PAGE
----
Feminist icon, poet, author and a pioneer of the women’s rights movement in South Asia, Kamla Bhasin, died in Delhi on 25th September after battling cancer.
Bhasin was the founder of Sangat(South Asian Network of Gender Activists and Trainer), a South Asian feminist network, and co-founder of Jagori, a women’s resource centre.
She was also the South Asian coordinator of the One Billion Rising campaign to end sexual violence, besides being associated with several other organizations.
She is known for improvising and popularizing in India the ‘Azadi’ slogan, which she picked up from Pakistani feminists.
Nurturing the dream of creating gender progressive households, she had taken up the onus of eliminating gender stereotypes from nursery rhymes.
In her book ‘What Is Patriarchy?’ Kamla Bhasin argued that religion has always been misused to justify patriarchy by replacing logical arguments and discussion with the infallibility of a belief system.
Traditions too play a part in sustaining patriarchy. Bhasin believed that Kanyaadan was an act against the Constitution of India as it embodied the ideology of slavery, with a man giving away the ownership of a woman to another man.
However, in addition to religious and traditional patriarchy, she believed that neoliberalism has given rise to a new form of patriarchy -capitalist patriarchy, which is manifested by the rise of pornography, and cosmetics. It has reduced women to their bodies and deprived them of agency.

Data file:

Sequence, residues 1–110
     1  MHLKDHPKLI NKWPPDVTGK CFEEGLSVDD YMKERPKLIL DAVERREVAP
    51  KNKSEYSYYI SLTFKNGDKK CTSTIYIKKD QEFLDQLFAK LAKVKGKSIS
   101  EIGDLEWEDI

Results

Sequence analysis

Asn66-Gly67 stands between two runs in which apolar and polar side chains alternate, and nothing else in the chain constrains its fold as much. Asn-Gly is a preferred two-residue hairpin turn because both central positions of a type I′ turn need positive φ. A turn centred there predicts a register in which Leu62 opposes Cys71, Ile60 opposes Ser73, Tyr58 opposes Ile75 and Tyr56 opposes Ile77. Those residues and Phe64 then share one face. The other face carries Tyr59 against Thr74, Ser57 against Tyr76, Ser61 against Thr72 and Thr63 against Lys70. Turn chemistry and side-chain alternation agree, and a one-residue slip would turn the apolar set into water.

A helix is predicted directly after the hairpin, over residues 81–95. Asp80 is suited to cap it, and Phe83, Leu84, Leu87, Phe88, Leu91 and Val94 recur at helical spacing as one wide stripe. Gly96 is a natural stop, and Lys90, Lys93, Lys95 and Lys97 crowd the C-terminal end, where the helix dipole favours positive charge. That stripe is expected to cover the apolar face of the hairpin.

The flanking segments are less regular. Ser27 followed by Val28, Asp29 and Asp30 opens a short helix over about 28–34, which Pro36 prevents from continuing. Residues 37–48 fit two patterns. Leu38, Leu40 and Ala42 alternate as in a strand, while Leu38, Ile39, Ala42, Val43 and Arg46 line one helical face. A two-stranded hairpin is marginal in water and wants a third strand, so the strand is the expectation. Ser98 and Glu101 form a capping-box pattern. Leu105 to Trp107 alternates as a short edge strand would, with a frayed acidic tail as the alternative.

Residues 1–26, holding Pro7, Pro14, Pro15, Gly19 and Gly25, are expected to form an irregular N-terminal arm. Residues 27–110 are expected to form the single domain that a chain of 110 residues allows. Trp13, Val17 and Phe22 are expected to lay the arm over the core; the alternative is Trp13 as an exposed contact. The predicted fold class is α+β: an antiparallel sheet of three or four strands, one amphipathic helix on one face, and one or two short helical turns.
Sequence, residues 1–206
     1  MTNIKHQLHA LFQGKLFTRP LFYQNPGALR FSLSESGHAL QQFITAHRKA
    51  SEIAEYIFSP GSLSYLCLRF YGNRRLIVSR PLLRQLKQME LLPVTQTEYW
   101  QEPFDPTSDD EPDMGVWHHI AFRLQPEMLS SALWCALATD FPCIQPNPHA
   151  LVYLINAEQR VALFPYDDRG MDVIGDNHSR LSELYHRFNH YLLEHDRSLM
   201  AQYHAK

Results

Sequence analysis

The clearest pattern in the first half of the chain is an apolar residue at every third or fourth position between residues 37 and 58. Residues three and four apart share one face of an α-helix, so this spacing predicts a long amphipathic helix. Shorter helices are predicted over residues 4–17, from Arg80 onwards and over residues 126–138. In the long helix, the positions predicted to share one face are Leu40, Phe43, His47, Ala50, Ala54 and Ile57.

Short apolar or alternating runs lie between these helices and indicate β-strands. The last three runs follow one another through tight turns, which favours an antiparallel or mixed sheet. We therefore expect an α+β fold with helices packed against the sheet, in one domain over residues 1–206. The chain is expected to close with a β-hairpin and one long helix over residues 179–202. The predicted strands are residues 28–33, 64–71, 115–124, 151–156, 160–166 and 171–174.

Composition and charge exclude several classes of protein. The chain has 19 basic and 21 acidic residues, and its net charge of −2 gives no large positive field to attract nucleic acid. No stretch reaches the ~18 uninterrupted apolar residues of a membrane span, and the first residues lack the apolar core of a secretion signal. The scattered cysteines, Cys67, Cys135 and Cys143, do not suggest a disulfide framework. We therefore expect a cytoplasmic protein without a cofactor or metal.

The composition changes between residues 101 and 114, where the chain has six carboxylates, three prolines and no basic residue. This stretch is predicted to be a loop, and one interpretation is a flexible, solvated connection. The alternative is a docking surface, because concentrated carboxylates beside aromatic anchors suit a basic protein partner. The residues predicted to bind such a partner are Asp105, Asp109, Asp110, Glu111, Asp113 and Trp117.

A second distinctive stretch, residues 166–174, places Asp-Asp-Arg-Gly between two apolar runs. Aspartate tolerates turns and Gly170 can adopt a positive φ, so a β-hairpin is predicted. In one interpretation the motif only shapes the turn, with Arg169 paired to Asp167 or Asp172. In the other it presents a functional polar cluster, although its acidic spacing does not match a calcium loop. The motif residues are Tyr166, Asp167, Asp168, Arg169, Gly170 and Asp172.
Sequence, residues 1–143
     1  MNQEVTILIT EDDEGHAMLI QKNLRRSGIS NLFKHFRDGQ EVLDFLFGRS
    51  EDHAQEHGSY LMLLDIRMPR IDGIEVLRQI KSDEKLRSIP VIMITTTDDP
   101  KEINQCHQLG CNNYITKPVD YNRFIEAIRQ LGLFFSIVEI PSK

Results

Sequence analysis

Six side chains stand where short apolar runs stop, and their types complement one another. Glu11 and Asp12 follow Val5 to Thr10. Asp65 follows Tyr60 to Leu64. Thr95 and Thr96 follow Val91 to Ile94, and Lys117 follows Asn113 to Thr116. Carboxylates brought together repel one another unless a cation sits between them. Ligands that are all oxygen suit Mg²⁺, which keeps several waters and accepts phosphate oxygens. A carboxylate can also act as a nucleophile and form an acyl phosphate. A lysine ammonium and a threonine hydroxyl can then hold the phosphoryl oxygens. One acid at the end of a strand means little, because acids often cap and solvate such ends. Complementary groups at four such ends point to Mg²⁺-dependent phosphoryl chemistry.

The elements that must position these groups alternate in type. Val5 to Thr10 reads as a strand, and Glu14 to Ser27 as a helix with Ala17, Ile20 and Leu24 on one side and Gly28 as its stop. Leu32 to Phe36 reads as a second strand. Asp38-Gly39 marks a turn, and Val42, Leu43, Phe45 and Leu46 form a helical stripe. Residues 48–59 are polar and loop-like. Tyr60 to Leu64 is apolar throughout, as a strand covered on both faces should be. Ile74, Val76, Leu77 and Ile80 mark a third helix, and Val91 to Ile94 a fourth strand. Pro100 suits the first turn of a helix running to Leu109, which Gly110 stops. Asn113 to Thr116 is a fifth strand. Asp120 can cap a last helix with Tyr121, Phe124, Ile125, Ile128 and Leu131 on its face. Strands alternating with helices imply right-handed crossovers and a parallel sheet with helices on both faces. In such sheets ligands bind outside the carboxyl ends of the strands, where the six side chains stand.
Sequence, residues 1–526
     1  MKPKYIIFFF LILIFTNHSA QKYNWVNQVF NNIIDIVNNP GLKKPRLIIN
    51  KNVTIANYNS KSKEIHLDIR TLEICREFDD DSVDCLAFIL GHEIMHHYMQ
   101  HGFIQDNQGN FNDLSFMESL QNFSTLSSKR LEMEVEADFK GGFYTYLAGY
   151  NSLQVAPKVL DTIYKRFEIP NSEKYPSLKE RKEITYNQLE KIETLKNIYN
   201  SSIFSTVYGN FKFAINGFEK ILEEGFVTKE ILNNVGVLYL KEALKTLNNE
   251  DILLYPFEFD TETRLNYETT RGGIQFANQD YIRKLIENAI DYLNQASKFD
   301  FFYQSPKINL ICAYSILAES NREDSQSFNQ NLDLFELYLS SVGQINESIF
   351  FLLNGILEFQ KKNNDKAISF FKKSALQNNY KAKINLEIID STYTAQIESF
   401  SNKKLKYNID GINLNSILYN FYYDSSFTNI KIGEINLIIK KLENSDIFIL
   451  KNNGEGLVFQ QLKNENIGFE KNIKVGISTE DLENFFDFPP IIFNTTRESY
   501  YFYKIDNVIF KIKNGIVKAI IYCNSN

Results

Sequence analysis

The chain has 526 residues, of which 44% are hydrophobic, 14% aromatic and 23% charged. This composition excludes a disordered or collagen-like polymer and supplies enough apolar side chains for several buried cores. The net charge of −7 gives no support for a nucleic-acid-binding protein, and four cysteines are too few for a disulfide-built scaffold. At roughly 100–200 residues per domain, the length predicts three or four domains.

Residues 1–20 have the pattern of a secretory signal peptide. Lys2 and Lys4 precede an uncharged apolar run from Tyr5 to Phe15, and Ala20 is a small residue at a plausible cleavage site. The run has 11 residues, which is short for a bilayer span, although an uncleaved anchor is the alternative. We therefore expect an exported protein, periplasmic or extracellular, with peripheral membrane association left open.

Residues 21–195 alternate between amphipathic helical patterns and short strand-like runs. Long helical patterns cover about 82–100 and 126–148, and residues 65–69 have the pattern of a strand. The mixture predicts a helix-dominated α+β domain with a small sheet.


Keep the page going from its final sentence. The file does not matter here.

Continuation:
Kamla Bhasin believed that mere economic development was not the answer to achieve an egalitarian society. Rather,neo-liberasim increases the paradigms of inequality and leads to a contest of -Mainstream versus those in the periphery, rich versus poor, upper caste versus lower caste, men versus women, rich verses richer, because this becomes a fight for resources.
Kamla Bhasin argued that while people across the world mistake feminism to be an urban concept, all major women’s movements in history were initiated by rural women. Hence, Feminism is not an urban phenomenon and only Upper class women cannot bring change in the society. She cited the example of Chipko movement and land rights movement.
Kamla Bhasin observed that most of the violence inflicted on people is by men as it is masculine to hide their emotions and become violent. Thus, patriarchy dehumanizes men.
In her book ‘Borders and Boundaries: Women in India’s partition’, Kamla Bhasin speaks of how wars between communities were fought by violating the turf of women’s bodies and policies by the states were formulated neglecting the female voice.